Who Makes Them Appreciate What They Have?
By Ethar Hamid
I wish I knew more about the wars and poverty that have gone on in Sudan. I don’t like to admit it, but one of the few things I know about the subject is that Sudan is infamous for both problems. But I do know that the wars, like the civil wars and the war in Darfur, have displaced a large number of people and have led to sexual violence against many women, among other humanitarian issues. I also know that the poverty in the country has resulted in the death of many people. Regardless of knowing these (few) facts, though, I don’t know the extent of suffering that the victims of these tragedies have experienced. Nor can I ever really know, as is becoming more evident to me.
Despite my lack of knowledge on some of the critical issues facing the country, I am a proud Sudanese (“proud” meaning “not ashamed,” really…I don’t actually think someone can be proud of something like demographic characteristics. But being unashamed and content is fitting). I like Sudanese culture. I like the warmth of the local people. I like being both African and Arab (I like my coily hair and dark skin…I like speaking Arabic…and I like having both ‘aseedah and falafel during the same meal. I think I actually did a good job, here, of highlighting perks of being Afro-Arab). But that’s all I know about Sudan, and the Sudanese experience—the fun stuff. I don’t know anything about not having enough food to eat. I don’t know about being driven out of my home. And I certainly know nothing of losing someone to war, or having my own life threatened.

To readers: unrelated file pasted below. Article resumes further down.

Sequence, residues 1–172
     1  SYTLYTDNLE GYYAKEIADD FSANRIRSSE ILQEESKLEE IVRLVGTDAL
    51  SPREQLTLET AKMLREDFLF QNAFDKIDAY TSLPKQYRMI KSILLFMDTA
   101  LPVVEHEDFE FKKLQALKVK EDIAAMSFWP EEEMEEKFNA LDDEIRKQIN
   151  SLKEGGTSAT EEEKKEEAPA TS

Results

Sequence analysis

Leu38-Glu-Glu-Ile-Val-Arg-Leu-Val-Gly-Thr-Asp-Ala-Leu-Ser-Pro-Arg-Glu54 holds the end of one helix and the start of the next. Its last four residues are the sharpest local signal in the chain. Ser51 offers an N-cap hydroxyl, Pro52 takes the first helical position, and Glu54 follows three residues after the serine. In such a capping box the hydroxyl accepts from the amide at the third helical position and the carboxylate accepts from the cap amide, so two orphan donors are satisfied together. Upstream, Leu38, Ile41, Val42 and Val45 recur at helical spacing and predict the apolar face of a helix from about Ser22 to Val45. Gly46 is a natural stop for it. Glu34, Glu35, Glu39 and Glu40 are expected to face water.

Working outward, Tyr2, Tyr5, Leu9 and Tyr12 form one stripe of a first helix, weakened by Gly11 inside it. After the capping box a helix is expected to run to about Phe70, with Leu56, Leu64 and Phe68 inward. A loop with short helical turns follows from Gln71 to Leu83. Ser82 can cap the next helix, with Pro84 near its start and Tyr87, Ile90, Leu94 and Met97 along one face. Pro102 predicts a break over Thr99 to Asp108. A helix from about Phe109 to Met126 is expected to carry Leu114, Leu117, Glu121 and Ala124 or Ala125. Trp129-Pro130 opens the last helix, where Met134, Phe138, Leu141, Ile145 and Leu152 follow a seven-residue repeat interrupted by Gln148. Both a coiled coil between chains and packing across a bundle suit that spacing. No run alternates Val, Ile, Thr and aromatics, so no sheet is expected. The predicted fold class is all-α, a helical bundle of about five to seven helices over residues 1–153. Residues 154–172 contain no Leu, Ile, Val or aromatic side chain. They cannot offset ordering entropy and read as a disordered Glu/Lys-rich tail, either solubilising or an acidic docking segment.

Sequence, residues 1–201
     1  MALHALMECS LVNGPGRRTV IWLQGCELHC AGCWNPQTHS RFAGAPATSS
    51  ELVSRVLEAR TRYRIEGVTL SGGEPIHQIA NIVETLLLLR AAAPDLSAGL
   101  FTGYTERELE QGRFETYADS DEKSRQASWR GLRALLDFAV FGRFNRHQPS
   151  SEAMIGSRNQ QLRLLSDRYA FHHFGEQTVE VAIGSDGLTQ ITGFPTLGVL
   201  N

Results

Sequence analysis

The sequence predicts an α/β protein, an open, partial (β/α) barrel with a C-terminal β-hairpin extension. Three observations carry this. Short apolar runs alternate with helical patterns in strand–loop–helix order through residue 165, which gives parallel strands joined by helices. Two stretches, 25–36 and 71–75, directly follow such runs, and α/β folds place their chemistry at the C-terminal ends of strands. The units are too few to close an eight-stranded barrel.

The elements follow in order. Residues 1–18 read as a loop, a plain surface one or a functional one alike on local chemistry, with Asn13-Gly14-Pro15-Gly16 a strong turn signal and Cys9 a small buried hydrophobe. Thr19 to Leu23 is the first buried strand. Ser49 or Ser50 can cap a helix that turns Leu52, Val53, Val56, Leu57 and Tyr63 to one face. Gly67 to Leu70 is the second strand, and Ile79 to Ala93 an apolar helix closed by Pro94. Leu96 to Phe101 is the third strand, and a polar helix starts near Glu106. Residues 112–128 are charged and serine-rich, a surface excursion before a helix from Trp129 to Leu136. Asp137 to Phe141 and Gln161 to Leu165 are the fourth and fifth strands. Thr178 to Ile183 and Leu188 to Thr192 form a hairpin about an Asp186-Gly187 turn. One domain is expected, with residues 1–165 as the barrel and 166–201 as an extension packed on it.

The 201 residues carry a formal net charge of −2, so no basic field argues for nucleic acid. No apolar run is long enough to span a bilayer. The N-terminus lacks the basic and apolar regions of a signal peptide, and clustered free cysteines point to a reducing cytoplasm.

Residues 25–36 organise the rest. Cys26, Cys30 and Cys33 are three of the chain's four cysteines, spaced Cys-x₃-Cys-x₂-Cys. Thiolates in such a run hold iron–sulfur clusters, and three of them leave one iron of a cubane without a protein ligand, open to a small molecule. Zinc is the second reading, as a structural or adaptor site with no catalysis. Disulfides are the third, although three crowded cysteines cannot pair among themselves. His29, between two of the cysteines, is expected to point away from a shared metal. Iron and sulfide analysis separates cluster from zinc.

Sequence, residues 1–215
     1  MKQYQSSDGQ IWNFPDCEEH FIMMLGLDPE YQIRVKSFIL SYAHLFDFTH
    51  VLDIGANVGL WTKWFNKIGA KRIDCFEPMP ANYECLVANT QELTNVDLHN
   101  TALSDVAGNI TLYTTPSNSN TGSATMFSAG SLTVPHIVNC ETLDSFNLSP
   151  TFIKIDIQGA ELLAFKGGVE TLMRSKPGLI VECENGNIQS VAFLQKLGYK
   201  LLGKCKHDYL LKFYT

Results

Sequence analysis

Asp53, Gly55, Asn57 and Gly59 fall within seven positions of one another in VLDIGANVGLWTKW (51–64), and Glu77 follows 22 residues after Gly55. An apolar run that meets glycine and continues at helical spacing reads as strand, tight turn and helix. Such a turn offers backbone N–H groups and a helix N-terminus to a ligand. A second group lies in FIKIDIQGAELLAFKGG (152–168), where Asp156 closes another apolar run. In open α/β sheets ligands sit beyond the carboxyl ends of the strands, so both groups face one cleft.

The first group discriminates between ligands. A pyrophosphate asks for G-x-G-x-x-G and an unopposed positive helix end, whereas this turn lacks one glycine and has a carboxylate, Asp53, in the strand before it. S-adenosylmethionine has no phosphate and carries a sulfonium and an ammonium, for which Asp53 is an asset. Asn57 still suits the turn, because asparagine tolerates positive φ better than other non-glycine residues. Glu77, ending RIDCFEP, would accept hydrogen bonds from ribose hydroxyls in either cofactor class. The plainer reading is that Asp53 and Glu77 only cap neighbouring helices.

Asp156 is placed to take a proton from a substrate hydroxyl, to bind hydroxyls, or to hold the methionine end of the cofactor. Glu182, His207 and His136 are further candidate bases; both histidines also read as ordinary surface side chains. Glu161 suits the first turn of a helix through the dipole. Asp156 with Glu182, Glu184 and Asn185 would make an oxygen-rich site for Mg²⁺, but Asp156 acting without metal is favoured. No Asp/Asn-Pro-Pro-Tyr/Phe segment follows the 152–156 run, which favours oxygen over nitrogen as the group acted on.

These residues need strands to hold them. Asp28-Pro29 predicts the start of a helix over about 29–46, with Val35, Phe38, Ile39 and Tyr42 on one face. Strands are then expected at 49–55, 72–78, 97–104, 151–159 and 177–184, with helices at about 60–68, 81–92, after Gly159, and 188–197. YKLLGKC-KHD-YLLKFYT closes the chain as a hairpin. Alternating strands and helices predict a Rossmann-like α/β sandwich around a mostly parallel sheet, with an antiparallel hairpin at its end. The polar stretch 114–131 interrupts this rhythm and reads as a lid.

I have a mental illness. Whenever I have a particularly bad day or week (or month or year) with it, I always say “it could have been worse. Alhamdulillah (meaning “praise be to God” in my native Arabic)—it could have been a lot worse. I could have been the victim of war, or I could have been living in poverty. But I wonder what the people I compare myself with (like the victims in Sudan) say to themselves to boost their morale. Who do they compare themselves to?
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